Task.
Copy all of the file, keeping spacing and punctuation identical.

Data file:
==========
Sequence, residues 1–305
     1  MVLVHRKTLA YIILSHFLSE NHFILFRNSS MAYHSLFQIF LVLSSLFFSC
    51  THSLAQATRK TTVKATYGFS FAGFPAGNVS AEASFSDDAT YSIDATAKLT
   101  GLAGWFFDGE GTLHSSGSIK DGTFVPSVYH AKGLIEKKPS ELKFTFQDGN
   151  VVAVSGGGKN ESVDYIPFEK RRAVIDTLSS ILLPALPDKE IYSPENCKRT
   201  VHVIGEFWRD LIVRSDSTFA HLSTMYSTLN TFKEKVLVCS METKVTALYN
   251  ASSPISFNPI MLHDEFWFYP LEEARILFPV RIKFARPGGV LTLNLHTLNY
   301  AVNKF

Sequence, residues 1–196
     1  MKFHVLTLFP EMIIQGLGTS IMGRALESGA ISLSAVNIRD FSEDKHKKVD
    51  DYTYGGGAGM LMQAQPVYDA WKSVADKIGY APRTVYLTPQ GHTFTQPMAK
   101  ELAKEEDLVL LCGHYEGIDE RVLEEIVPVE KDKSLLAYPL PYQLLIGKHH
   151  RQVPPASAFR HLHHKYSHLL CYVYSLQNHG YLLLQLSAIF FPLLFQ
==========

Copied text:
Sequence, residues 1–305
     1  MVLVHRKTLA YIILSHFLSE NHFILFRNSS MAYHSLFQIF LVLSSLFFSC
    51  THSLAQATRK TTVKATYGFS FAGFPAGNVS AEASFSDDAT YSIDATAKLT
   101  GLAGWFFDGE GTLHSSGSIK DGTFVPSVYH AKGLIEKKPS ELKFTFQDGN
   151  VVAVSGGGKN ESVDYIPFEK RRAVIDTLSS ILLPALPDKE IYSPENCKRT
   201  VHVIGEFWRD LIVRSDSTFA HLSTMYSTLN TFKEKVLVCS METKVTALYN
   251  ASSPISFNPI MLHDEFWFYP LEEARILFPV RIKFARPGGV LTLNLHTLNY
   301  AVNKF

Sequence, residues 1–196
     1  MKFHVLTLFP EMIIQGLGTS IMGRALESGA ISLSAVNIRD FSEDKHKKVD
    51  DYTYGGGAGM LMQAQPVYDA WKSVADKIGY APRTVYLTPQ GHTFTQPMAK
   101  ELAKEEDLVL LCGHYEGIDE RVLEEIVPVE KDKSLLAYPL PYQLLIGKHH
   151  RQVPPASAFR HLHHKYSHLL CYVYSLQNHG YLLLQLSAIF FPLLFQ